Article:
Pretty Propaganda: USSR in Construction Matt 11 Jul 2006

8 comments Latest by testa

In the 1930’s, the Soviet government wanted the world to believe it was living the dream: rapid modernization, economic miracles, etc. To support this cause, it created the magazine USSR in Construction, home to some of the most innovative graphic design of the past century (see layouts at this Backpack page).

USSR in Construction

The magazine was published in Russian, English, French, German, and Spanish editions and exported to the West in order to send a message about Soviet economic success (with no mention of the unsavory truth of Stalinism: persecution, state terror, famine, etc.). Each one was devoted to a specific topic, like aviation, the army, coal mining, etc.

The issues became aesthetic adventures in the hands of designers like El Lissitzky (images @ Getty Research Institute, images @ Howard Schickler) and Aleksandr Rodchenko (images @ Luminous-Lint, images @ Howard Schickler). They created a new breed of publication — an avant-garde amalgam of minimal text, larger-than-life photography, photomontages, complex gatefolds, pop-ups, and more.

A review of “U.S.S.R. in Construction, 1930-1940,” offered this summary:

The magazine was beautifully printed in rotogravure on heavy stock, the photographs reproduced in green, blue, purple, sepia or black and white, sometimes in different colors on the same or facing pages. Text was minimal, pictures strong, design in the best issues audacious and inventive, with four-page panoramic fold-outs and triangular fold-out flaps. How effective it was in selling Communist doctrine abroad is unknown, but even today it is thoroughly convincing propaganda for the revolution in design that Soviet artists helped foment and spread across the world.

To really get the vibe, it’s best to check out the large format (dimensions = 16.5” x 11.5”) and fold-outs in person. If you’re in London, the Tate Modern Museum is currently displaying a bunch of spreads from the magazine.

Some more images:

USSR in Construction

USSR in Construction

USSR in Construction

USSR in Construction

8 comments so far (Jump to latest)

Stephen 11 Jul 06

Lissitzky was a huge influence on Tschichold and is used in Assymetric Typography, The New Typography and many other books as a quintessential example of imaginative typography. A favourite artist of mine I’m most glad to see him here.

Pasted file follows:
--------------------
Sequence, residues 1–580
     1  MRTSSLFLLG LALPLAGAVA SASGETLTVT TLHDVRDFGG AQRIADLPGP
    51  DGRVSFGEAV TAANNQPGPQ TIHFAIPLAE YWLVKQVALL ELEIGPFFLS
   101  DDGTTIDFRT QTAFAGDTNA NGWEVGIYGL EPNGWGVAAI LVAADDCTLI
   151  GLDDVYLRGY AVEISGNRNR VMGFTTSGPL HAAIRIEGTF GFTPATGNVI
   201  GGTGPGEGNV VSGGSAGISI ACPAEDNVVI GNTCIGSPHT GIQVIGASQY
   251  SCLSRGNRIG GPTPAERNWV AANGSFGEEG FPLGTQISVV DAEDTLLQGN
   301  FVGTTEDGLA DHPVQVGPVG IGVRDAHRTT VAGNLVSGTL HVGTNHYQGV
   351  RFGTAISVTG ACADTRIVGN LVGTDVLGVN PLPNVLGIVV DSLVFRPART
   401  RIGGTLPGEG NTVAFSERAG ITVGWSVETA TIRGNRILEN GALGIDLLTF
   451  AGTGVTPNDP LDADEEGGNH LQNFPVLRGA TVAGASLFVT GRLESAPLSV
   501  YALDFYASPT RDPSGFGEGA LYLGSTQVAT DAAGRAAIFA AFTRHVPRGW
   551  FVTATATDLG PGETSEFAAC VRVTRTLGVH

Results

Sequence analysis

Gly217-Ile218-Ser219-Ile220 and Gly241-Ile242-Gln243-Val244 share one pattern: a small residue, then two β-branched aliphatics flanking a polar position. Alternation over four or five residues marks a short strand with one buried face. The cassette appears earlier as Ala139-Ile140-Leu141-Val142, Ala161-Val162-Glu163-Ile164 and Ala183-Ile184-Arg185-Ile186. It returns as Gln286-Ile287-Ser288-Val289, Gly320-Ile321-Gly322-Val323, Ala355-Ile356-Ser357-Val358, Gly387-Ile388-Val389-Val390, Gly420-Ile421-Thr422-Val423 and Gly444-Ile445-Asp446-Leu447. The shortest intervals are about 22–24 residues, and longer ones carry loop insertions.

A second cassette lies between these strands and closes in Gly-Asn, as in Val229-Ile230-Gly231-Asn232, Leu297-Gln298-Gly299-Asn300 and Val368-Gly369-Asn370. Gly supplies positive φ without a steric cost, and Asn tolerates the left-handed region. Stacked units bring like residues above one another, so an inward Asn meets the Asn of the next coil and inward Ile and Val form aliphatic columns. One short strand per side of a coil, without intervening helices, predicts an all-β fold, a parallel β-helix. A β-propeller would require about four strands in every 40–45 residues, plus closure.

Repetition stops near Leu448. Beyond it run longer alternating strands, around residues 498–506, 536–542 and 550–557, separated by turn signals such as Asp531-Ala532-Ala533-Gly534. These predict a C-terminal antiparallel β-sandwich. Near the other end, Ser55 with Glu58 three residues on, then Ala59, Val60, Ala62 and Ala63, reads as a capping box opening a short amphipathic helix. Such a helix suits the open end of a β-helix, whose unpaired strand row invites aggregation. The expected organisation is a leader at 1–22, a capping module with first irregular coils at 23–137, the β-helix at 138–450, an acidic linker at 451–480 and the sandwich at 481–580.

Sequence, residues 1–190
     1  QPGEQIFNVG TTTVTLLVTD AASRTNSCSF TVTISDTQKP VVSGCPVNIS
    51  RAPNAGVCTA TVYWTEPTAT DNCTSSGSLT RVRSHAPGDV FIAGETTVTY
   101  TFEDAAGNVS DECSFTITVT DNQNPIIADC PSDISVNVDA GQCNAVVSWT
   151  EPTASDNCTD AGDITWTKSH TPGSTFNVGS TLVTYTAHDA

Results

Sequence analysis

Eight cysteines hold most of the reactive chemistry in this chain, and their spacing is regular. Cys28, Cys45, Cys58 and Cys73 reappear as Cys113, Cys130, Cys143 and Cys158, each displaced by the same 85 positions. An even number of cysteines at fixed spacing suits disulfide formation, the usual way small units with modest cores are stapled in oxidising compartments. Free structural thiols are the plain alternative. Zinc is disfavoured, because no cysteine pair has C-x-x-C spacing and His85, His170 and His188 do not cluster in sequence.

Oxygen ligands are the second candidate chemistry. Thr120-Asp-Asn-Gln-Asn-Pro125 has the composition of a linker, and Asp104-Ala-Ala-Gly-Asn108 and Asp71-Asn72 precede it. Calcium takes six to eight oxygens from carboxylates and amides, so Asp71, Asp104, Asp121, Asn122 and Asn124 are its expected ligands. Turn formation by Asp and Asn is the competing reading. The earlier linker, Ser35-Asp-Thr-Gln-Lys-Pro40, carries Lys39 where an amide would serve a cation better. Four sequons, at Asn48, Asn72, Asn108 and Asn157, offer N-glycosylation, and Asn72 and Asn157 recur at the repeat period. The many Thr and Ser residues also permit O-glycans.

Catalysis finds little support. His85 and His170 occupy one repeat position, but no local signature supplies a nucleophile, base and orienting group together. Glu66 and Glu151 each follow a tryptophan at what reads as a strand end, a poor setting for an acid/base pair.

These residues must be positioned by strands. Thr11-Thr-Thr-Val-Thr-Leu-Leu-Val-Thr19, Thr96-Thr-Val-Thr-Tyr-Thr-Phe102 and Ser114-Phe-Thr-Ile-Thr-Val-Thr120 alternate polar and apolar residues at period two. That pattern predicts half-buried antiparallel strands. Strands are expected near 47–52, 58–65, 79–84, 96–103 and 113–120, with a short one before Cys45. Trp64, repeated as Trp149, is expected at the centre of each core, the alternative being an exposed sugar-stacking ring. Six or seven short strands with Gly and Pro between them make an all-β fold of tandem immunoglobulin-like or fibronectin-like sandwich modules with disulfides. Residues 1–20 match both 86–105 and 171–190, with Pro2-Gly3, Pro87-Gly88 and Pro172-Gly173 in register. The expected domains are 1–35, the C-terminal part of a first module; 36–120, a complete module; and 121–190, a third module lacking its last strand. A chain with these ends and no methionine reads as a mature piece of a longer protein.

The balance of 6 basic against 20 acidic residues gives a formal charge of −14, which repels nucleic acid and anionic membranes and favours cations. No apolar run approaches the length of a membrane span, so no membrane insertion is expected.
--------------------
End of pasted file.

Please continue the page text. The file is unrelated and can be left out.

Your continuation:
qwerty 12 Jul 06

I have to raise a meta topic: We saw recently “Designed: ..”, “The Filter”, “Screens Around Town”, and “Sunspots” posted here. All articles cover a collection of topics rather than covering one (well). I find it increasingly hard to find these interesting. Given the number of comments posted there, others seem to have the same problem (or because it’s summer). Let’s apply some 37-signals sense here: less is more, focus, and exercise disciplin - please. This particular topic (Pretty Propaganda) is a welcome exception.

Spike 12 Jul 06

Yeah, c’mon guys, we’ll be the ones to tell you how to write your blog, thanks very much.

:-)

Iuri 12 Jul 06

They made some amazing photomontages!!
(btw, nice post!!!)

Jason 12 Jul 06

I’d LOVE to get some of those pages in full size reprints, or find larger art prints inspired by this type of composition. At least I have a few good names to search with now!

Claire 13 Jul 06

There’s also a display on this journal (and lots of other related work) in the “V&A’s exhibit on modernism”:http://www.vam.ac.uk/vastatic/microsites/1331_modernism/, which runs ‘til July 23.

ybakos 13 Jul 06

Thanks for sharing what seems a rare treasure of a backpack.

Russian style!

testa 14 Jul 06

work!

Post a comment

(Basic HTML is allowed)

NOTE: We'd rather not moderate, but off-topic, blatantly inflammatory, or otherwise inappropriate or vapid comments may be removed. Repeat offenders will be banned from commenting. Let's add value. Thank you.